Cowboys & Mexicans

published: 2006-05-05 01:55:36 UTC

We all falter a little from time to time. To err is human right? So after the superb scripts of Amores Perros and 21 Grams no one would think bad of Guillermo Arriaga if his pen had dried a little. Not so though, as The Three Burials of Melquiades Estrada earned best screenplay at Cannes last year, and I have to say I side with the French. This emotional and subtle modern day Western is a tale of honesty, retribution and loyalty. As a big-screen directorial debut, it does Tommy Lee Jones justice.

Jones also stars as Pete Perkins, a hard-working Texas rancher, who hires an illegal Mexican immigrant called Melquiades (Julio Cedillo). Mike Norton (Barry Pepper), a trigger-happy border guard, kills Melquiades, but the incident gets covered up. Attempts by Pete to uncover the truth surrounding Melquiades death go unheeded. The local sheriff (Dwight Yoakam) is as impotent towards the case as he is for local café waitress Rachel. Border guards seem content to let sleeping ‘wetbacks’ lie. Whereas the indolent heartless Norton just seems to pass the time with the desert, a copy of Hustler and his right hand as witnesses. Conversely, his wife (January Jones) deals with her mind-numbing and breakneck sex-life with a bit of adultery. All the characters are subtly intertwined, some with amusing connections.

The time-shuffling script flicks between near-past and present creating intrigue and questions without distracting from, or confusing, the narrative. Melquiades is first shown as a dead body, then as a living character, then to his burial, then we see his shooting – each shift piquing our curiosities into driving the story forward. This non-linearity stops at a crucial point when Pete, learning that Norton was the killer, takes justice into his own hands. The story becomes shifts from frustration to one of retribution – not only for Melquiades’ body and Norton’s sins – but for everyone we have encountered.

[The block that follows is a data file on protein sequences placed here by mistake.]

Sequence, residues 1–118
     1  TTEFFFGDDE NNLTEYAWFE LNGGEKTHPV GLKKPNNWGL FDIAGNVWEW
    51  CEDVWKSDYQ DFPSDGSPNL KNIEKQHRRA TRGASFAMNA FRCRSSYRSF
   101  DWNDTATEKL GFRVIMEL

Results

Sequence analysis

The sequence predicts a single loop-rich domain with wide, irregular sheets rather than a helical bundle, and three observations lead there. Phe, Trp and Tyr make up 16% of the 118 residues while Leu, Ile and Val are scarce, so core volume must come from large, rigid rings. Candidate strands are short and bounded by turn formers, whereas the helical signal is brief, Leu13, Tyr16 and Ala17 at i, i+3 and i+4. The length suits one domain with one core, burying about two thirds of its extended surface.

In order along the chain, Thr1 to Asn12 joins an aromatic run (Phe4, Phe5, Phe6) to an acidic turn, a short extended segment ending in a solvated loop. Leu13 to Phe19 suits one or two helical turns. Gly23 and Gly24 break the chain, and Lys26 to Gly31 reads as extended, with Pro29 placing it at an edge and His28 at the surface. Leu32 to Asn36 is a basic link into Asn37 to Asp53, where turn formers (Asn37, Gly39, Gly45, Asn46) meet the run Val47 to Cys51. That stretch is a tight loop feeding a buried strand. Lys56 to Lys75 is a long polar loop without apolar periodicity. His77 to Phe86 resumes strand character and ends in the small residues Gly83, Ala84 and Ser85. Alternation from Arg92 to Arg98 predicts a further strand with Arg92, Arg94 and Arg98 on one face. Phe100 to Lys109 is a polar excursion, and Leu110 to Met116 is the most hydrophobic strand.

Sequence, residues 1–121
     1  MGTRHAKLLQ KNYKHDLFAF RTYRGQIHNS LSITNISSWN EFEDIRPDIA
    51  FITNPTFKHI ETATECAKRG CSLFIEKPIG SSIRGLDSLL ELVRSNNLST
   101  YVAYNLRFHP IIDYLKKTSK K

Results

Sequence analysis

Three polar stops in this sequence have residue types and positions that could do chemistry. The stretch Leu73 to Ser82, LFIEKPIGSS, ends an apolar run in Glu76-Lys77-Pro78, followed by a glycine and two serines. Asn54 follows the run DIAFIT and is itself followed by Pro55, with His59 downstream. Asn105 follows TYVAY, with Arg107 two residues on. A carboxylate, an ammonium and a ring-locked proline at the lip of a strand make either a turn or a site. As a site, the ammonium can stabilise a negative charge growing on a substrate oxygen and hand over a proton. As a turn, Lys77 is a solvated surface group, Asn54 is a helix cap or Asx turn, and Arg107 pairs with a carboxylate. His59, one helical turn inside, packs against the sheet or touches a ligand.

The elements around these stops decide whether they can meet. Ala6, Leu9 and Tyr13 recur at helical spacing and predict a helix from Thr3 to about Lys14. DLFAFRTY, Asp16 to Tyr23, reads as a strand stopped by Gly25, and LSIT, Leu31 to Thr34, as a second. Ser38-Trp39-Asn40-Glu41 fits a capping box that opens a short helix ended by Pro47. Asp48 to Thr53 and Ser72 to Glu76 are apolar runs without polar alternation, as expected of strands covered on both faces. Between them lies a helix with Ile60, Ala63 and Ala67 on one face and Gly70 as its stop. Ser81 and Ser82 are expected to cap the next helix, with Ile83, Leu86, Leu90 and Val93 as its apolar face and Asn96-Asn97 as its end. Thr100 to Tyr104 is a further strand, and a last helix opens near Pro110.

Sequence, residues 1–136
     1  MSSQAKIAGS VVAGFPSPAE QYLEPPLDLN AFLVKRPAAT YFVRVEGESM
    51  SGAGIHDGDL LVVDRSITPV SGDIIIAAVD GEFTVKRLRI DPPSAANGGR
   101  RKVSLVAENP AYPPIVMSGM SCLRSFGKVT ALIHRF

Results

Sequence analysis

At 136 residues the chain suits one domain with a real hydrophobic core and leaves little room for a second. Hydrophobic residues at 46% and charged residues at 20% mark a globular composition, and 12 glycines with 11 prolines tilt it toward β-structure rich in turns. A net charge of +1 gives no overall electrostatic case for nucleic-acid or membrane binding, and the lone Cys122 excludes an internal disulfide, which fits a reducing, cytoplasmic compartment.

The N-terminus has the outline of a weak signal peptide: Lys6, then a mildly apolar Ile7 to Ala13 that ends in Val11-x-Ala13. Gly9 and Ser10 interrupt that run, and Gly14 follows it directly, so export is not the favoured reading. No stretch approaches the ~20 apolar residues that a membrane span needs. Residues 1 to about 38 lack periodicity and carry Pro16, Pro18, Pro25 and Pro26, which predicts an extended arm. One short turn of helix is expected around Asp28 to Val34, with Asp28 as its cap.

Pete saddles up with Norton as hostage and a dead body as cargo, heading across the desert to Mexico. Here the dissipated border town becomes a vast rugged landscape. And what awe-inspiring views – you almost forget that they’re transporting a corpse and chased by the police and border guards!

This journey evokes a little of David Lynch’s The Straight Story with its chance meetings and little scenes, albeit with a dustier landscape. One which sticks out happens after Norton gets bitten by a snake only to be healed by a Mexican herbalist. This scene has a poetic resolve that another, where they encounter an old blind man who suspects his son living in the city has died, does not – but it does have one slightly more Godly.

The heaviest debt though is owed to Peckinpah’s Bring Me the Head of Alfredo Garcia in its scenery, gruesome nature, antiheros and us-and-them chases across the Mexican desert. Oh and lets not forget that both involve transporting dead objects. Like Bring Me the Head, it gives homage to Sergio Leone westerns but is played in the modern day with modern problems. Three Burials examines poverty, indignity and race; but pulls the emotional punch to a tender stroke. It combines stoicism, and reprisal into a compassionate narrative. With each character transcending their shifting and shattered beginnings to a conscious and spiritual close. To err is human, but to forgive, divine.